I’m often asked about the Google’s Supplemental Index (SI) and how to get pages out it. Consider this post directions to the exit, the light at the end of Google’s dark tunnel, the “this way to the egress,” if you will. (Ok, so I like my hype, but I promise it’ll be worth it.)
If you’re impatient, click here to get the solution to getting your page/pages out of the Supplemental Index and skip the background info. I think you’re better off with a full understanding of the SI, but I’ll leave it up to you.
As Aaron Wall puts it in his excellent SEO Book, search engines are frequently developing new ways to save computing power. When you do things on a large scale and have billions of websites and web pages to work with, as Google does, getting your computers to run more efficiently will save you money. Lots of it. The Supplemental Index is a way for Google to save money by being more efficient with its computing.
To understand how to get your pages out of the Supplemental Index, you need to understand why they’re there to begin with. In other words, you need to know how the SI works. So let me explain.
When somebody performs a search with Google, what happens behind the scenes is something like this.
- Google looks at the keywords.
- It compares them to the pages in its index (think of a library’s index card system).
- Google determines which pages are most relevant and ranks them.
- Finally, the results are displayed to the searcher.
It’s incredible, but Google really does do all that in fractions of a second.
(This is a simplified explanation of Google’s processes, based on what Dan Thies wrote at SEO Fast Start. If anyone has the precise page’s link, I’d appreciate a comment pointing it out, as I’ve lost it. Wouldn’t want that page to end up in the Supplemental Index, now would I?)
The second part of the process gets exponentially more expensive for Google every day, as more sites and pages go online. Their computers need to run through more and more content. Google hit upon the idea of using a Supplemental Index as a shortcut in this process. By putting pages of lesser importance in the SI, Google has fewer pages to assess and rank at step two. (Then, only if Google feels its main index has too few pages to allow it to do a good job, will Google resort to the Supplemental Index. It supplements their main index when this one is thin for a particular topic.)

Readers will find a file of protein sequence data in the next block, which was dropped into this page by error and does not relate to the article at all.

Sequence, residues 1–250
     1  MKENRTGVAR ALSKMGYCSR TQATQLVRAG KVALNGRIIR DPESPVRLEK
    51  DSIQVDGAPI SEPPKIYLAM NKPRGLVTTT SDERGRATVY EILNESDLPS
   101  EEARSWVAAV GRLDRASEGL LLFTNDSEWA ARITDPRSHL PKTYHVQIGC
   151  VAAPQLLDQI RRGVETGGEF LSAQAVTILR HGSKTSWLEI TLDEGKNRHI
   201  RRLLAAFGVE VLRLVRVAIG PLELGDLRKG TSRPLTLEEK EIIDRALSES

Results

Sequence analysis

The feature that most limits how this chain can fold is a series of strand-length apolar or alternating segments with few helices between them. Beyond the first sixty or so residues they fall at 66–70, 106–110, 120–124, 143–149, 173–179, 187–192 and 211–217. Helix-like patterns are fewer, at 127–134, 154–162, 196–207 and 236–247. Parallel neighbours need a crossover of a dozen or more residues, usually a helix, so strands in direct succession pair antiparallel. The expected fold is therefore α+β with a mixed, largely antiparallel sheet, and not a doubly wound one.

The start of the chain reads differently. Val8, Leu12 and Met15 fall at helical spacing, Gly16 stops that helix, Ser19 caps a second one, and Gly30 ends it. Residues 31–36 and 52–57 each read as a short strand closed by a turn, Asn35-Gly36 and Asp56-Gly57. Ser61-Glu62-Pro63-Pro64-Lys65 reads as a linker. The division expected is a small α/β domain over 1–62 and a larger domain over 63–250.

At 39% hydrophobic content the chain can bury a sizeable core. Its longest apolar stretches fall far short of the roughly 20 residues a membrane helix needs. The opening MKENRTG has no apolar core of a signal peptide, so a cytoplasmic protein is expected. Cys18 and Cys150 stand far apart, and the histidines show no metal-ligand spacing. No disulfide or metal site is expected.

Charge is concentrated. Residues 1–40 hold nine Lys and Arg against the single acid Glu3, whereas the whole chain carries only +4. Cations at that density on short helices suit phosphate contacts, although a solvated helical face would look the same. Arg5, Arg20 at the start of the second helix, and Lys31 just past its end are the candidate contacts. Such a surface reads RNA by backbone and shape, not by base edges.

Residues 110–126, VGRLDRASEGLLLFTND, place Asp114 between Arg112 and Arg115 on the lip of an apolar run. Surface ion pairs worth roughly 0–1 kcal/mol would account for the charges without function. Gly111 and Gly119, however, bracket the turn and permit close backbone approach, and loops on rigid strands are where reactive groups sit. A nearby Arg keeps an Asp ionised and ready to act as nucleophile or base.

Amazon also had Supplemental Index issues at one point, as Tamar Weinberg pointed out in this picture. It’s nothing to feel bad about. (Note that Google no longer labels pages in the supplemental index as such.)
So how does Google determine if a web site or web page is of lesser importance? The behemoth of search considers how likely a web surfer is to arrive at that page if they randomly click links in a never ending browsing session. The more likely someone is to visit your page through links on other websites and on your own, the more important your page. This idea is the foundation of Google, better known as PageRank. See Danny Sullivan’s article on PageRank (which he seems very enthusiastic about ranking for the keyword “PageRank,” based upon his linking practices on Search Engine Land) for more info.
The solution to getting your web page (or web pages, as the case may be) out of the Supplemental Index is to get more links to them. These can be links from within your own website, but it’s usually better – particularly with newer, less established sites – to get links from other websites.